More than 40 years of progress in Catholic-Jewish relations may be called into question by attempt to reach out to group of breakaway traditionalist Catholics, including Holocaust-denying bishop
Some Jewish groups voiced concern Friday that the Vatican might be calling into question more than 40 years of progress in Catholic-Jewish relations by reaching out to a group of breakaway traditionalist Catholics that includes a Holocaust-denying bishop.
The Vatican has been working for years to bring the breakaway Society of St. Pius X back into its fold, and this week told its members they must accept some core church teachings if they want to be fully reintegrated into the church.
But the Holy See said some expressions contained in documents from the Second Vatican Council could be left open for “legitimate discussion.”
The 1962-65 Vatican II meetings brought modernizing reforms to the Catholic Church, including outreach to Jews and introduction of the Mass in the vernacular rather than Latin. The Swiss-based Society of St. Pius X was formed in 1969, opposed to many of Vatican II’s reforms.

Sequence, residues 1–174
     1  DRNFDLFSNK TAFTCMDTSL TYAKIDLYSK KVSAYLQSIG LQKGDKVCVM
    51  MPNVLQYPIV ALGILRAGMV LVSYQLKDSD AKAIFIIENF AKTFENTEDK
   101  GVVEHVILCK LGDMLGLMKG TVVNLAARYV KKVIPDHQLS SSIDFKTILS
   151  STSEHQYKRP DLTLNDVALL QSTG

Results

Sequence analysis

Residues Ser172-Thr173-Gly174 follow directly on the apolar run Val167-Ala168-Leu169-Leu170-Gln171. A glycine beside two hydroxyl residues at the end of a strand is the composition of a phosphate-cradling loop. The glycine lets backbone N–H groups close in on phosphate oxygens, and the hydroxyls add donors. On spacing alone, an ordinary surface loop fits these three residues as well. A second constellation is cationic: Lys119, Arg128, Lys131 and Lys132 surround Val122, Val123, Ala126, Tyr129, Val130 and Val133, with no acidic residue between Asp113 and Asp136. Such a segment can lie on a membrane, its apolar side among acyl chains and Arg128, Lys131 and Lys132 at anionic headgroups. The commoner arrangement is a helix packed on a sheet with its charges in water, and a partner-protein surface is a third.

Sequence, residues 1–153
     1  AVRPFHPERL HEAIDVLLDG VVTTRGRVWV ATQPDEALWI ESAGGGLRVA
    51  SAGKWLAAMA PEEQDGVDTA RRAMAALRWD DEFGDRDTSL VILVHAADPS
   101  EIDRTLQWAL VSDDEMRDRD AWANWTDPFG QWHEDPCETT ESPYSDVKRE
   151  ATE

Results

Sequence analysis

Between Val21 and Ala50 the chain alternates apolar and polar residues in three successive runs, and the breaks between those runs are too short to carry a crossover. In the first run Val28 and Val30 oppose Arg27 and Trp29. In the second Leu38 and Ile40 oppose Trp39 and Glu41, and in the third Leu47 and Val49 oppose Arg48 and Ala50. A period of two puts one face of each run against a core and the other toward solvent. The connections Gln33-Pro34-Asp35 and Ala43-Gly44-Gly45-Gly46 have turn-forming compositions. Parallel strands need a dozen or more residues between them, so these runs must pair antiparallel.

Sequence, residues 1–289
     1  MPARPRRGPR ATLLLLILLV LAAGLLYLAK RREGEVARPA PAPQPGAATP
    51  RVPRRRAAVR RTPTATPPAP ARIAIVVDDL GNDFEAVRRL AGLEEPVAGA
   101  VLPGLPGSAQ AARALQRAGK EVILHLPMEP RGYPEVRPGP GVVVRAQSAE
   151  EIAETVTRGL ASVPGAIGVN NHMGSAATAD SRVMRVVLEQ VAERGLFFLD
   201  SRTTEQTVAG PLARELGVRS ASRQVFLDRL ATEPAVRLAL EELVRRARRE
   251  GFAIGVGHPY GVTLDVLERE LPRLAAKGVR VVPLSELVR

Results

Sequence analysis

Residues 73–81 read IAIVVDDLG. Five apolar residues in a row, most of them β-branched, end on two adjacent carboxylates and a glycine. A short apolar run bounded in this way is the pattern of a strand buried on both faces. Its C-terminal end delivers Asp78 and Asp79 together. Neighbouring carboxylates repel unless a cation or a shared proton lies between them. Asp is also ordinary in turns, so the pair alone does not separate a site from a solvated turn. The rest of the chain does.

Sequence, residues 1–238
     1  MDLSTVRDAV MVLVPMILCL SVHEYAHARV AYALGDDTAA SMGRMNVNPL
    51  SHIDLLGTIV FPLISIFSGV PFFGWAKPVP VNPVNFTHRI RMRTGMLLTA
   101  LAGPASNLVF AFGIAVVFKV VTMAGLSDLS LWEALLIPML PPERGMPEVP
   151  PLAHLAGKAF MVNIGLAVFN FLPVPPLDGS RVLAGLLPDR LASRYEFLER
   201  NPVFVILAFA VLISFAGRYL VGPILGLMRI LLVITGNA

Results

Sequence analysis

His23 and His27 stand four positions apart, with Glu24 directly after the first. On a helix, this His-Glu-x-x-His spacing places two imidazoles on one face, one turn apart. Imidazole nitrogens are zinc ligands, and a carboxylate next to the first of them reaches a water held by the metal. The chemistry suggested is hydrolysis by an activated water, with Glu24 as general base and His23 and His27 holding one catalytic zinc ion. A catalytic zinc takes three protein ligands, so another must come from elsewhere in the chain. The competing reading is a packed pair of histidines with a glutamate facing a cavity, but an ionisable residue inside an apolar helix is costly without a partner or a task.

The Vatican refused to say which core teachings the society must accept to be reintegrated, and which elements of Vatican II documents could be left open for discussion.
A key Vatican II document, Nostra Aetate, revolutionized the Catholic Church’s relations with Jews by declaring that Christ’s death couldn’t be attributed to Jews as a whole. Other Vatican II teachings to which the society objects concern religious freedom and ecumenical relations.
The uncertainty over what is being required of the society provoked unease among some Jewish groups, which issued veiled warnings Friday about the possible impact on Vatican-Jewish relations were Nostra Aetate and other Vatican II teachings to be now considered ripe for discussion.
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SOURCE: Associated Press